10 10 2009

Film: Komitas Hairig (Father Komitas)

Bared Maronian, writer/director/producer

The life of Komitas Vardapet – composer, ethnomusicologist, priest and father of modern Armenian classic music – is told through interviews with Armenian clergy, still photographs and the beautiful folk songs he worked so hard to preserve.

Screening: Saturday Oct. 24th, 2:30pm, “Armenian Program”


1. Tell us a little about yourself and where you have lived, highlighting any major cultural identities that define, influence or challenge you in your life.

Bared Maronian was born in Beirut, Lebanon. Lived in Cyprus and Florida, USA. Currently he resides in Coconut Creek, Florida. with his wife Lina and daughter, Kaliana. Bared has Post-produced national and local (Miami area) documentaries, TV programs and concerts in English and Spanish for PBS Network. Bared’s productions have aired over 250 TV stations nationwide. He is a 4 time regional EMMY Award winner, Multi Telly award winner and one of Bared’s works was nominated for a Latin GRAMMY. Bared has also produced a number of thematically armenian documentaries. “The Wall of The Genocide”, which was a volunteer based production was selected by the 11th Annual ARPA FILM FESTIVAL in 2007 as well as a Telly and a Communicator award winner for excellence in TV/Film production.

Mr. Maronian, who is a graduate of Haigazian University, has attended Broadcast Career Institute of Palm Beach, Florida and is certified by FCC.

2. How did you come to be a filmmaker, and where/how did you learn the “craft” of filmmaking?

Filmmaking has been a passion of mine since childhood. While growing up I joined amateur theater groups and picked up photography. Once I moved to the Stated I sort of combined both photography and theater and found refuge in filmmaking and specialized in post-production of documentaries mainly editing, compositing and creating motion design.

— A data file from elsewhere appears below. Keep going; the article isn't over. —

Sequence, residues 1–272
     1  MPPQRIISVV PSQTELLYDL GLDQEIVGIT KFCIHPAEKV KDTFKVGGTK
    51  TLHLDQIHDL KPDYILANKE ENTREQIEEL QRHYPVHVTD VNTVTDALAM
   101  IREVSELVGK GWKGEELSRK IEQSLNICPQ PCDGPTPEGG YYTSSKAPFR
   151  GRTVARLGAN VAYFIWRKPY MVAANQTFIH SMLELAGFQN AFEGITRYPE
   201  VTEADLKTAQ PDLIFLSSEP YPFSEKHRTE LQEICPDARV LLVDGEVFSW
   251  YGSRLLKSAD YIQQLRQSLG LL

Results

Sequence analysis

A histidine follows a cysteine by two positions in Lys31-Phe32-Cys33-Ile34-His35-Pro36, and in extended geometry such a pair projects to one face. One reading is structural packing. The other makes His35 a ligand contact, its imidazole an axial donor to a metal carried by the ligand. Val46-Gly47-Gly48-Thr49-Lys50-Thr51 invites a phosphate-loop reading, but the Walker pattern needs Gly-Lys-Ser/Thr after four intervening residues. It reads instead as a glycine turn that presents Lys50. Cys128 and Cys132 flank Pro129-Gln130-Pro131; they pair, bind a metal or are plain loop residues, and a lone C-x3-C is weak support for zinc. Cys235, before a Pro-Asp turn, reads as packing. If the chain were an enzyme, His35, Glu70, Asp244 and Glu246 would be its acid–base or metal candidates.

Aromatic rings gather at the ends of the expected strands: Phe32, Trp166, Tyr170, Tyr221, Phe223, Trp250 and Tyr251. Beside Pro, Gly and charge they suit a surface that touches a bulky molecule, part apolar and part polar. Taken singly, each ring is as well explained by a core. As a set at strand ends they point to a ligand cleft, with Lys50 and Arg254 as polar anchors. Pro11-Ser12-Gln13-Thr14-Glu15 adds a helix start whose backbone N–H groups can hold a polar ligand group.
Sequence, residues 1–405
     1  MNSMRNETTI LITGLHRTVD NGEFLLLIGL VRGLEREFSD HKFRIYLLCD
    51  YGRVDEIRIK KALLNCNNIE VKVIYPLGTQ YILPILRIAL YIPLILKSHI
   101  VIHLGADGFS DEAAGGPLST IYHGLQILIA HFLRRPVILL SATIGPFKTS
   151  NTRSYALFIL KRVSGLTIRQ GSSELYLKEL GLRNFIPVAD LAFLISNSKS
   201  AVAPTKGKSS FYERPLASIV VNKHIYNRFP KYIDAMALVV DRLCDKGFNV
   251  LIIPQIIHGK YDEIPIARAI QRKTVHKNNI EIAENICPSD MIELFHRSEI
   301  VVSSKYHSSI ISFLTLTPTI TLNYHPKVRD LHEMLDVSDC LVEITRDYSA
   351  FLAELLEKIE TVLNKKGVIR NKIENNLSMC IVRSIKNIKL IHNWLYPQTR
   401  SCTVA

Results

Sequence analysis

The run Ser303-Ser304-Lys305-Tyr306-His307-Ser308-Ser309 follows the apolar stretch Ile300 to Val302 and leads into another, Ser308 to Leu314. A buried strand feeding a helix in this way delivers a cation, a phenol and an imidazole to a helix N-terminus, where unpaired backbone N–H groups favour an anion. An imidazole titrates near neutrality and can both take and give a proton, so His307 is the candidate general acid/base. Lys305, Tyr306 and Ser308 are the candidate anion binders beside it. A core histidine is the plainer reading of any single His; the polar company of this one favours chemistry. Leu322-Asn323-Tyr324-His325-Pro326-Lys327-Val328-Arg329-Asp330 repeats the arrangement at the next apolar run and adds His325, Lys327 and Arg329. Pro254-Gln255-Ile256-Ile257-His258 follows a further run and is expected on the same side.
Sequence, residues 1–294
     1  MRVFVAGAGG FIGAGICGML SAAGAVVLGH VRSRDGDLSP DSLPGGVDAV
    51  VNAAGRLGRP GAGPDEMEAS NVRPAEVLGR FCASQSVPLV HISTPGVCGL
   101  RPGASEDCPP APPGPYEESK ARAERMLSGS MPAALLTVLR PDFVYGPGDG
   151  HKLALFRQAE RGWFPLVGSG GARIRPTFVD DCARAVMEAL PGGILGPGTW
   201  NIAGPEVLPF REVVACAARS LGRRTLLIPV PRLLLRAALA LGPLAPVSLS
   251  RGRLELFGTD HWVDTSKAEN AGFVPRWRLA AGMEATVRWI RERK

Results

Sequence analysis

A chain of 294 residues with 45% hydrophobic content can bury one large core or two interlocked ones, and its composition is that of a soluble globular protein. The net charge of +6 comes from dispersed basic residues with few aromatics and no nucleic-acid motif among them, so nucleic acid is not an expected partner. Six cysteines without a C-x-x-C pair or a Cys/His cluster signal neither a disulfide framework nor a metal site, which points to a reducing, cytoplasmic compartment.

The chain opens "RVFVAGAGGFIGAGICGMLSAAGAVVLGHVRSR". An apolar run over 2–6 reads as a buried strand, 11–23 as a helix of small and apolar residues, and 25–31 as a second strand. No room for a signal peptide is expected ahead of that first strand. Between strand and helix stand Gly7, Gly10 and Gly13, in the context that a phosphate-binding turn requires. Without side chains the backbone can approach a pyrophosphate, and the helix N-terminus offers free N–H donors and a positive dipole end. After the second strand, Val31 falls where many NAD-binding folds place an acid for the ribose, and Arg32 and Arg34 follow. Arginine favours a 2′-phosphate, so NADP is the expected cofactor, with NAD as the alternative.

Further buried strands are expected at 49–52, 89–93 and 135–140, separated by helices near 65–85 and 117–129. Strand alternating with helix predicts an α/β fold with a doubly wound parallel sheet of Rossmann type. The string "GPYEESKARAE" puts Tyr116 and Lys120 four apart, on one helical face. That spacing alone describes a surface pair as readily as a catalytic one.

3. What prompted the idea for your film and how did it evolve?

Ironically the birth of “Komitas Hayrig” is directly related to my mother’s recent passing. “Komitas Hayrig” stemmed from a conversation about the Armenian Church at my mothers funeral with a good friend, father Vartan Joulfayan who officiated my mother’s funeral.

At one point our conversation evolved into a discussion about the Armenian Genocide and Father Vartan mentioned a study published in 1921 by an armenian writer named Teotig called “Armenian Golgatha”, which is basically a testimony of how over five thousand armenian clergymen were directly affected by the Armenian Genocide.

After some research with my co-producer, Bedo Der-Bedrossian we decided to embark on making this short film, “Komitas Hayrig”. Our goal is to expand this project into a full length documentary. Currently we are in the process of raising some funds to accomplish that goal.

4. What is your single favorite line from your film?

Around five minutes into “Komitas Hayrig” Very Reverent Dr. Father Nareg Berberian says,”…because of that [Armenian Genocide] after 1915 we had shortage of priests in the Armenian Church. Today we have only ten percent of the clergy than we had prior to the Genocide”.

5. What movies would you say have transformed or changed the way you see the world?

As far as favorite movies, “Ghandi” comes to mind. Recently the animation movie “Up” has been a favorites of mine.



2 responses

20 10 2009

Congratulations to Bared Maronian for his faith and courage in bringing this untold story out from the shadows of history. I look forward to seeing the rest of his powerful documentary.

3 11 2010
Dr.Hermon Mihranian

Congratulations Bared Maronian. It is realy a shoking story.
Armenians arround the world never forget the Ottoman Empire barberic acts against the Armenians.
Dr.Hermon Mihranian

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